We have more than 50 operating theaters for surgery. Now we have eight endoscopy theaters and many other rooms for procedures. This is a very big hospital. We have 1,800 beds and we have three dedicated operative theaters for COVID positive patients because if somebody has COVID and needs an urgent appendicectomy you do it. Urgent gastroscopy we do it. So, procedures are done all the time and if we do not know if the patient is positive or negative, we treat those patients as positive. You need all the equipment and this is costs.
Praveen Suthrum: Yeah, and so coming to the cost. How are you managing the economics because your budgets have increased and I’m sure what the department earns would have dropped. So, from that standpoint how are you planning and managing that especially in light of what is going to come. You know we’ve seen one or more waves depending on how you count the wave until now but from this point on expecting the situation to peak again. How are you managing the economics of this situation and again drawing it to GI in particular?
Dr. Ivo Boškoski: In March, we were suffering from the lack of PPEs (personal protective equipment), and also, we came with a publication in gastrointestinal endoscopy on methods and ways to reuse respirators and so on. Fortunately, today this is not the case because our hospital made the reserves of all the PPEs and this is an important cost. This is a private entity that gets money from the region and we still haven’t been paid for this. So, the hospital is going with its own funds. How do we manage it? We simply treat cases; we give the maximum of the care to everybody and we’ll see what will happen. The management is aware of not wasting unnecessary PPEs and everybody knows that it should not be wasted. We are very sensitized on that and from time to time we go for trainings in donning and doffing because many colleagues have been infecting especially during doffing and during removing all the of the equipment because if you remove it in the improper way, it is the moment that you get infected.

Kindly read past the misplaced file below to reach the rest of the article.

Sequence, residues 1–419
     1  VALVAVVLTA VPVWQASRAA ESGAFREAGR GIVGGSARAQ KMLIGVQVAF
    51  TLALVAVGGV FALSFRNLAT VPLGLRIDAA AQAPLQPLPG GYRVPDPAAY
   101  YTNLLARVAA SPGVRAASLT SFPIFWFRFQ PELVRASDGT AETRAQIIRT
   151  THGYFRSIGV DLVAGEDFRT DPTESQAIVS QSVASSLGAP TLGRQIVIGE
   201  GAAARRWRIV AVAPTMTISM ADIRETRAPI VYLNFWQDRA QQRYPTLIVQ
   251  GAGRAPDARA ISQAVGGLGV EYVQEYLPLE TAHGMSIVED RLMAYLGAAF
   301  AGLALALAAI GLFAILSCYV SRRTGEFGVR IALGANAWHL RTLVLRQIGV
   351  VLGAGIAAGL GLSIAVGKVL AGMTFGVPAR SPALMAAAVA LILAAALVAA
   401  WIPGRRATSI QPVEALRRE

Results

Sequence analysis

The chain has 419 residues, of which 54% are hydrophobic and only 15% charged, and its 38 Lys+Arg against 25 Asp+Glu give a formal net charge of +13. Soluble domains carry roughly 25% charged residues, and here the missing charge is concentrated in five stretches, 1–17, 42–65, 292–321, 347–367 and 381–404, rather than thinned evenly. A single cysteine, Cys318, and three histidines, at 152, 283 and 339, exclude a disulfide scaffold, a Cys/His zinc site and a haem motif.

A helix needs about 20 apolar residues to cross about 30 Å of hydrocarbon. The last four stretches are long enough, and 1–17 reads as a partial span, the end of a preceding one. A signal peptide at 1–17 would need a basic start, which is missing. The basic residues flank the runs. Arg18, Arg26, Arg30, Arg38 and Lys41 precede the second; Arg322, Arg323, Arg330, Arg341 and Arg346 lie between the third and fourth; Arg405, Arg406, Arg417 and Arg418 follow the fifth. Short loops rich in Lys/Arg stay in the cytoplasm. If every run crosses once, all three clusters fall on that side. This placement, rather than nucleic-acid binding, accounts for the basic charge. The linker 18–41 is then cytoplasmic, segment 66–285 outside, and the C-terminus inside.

Praveen Suthrum: Yes, it is a pretty serious situation. I wish you all the best doctor. So, I wanted to spend a moment and switch gears a little bit and ask you – in the light of the future of GI… on what your thoughts are? Now you know, again thank you for reading the book Scope Forward. So, I’m curious to know what you think applies in a European context and what do you see as the future from your lens?
Dr. Ivo Boškoski: So, it is a very exciting time to be in the interventional gastroenterology world also in the diagnostic world because there are many new things coming from the devices’ point of view, from artificial intelligence, deep learning, and so on. So, still, nobody managed to write a book like that here in Europe and this is something that we need right now. So, I really did read it with pleasure and it’s like the missing ring between what we have and what we’re doing. But when you’re reading it in a book that has thoughts that somebody has already elaborated it’s very useful for interventional endoscopies like me dealing with new technology. My world is new technology, applying new things to what I’m doing and so on also the team where I work. So, I really appreciate your efforts and I simply loved it. It’s what we need right now especially in this… We need to look forward not only to scope forward. We need to look forward. Scoping forward is very important but looking forward to the future is also important. This crisis will pass sooner or later and we need to be ready when we will be there.
Praveen Suthrum: Thank you Dr. Boškoski. Is there anything else that you wanted to share before we close?
Dr. Ivo Boškoski: You should translate the book into Italian.
Praveen Suthrum: Yeah, I should. I should find somebody to do that yes. Thank you so much.
By Praveen Suthrum, President & Co-Founder, NextServices.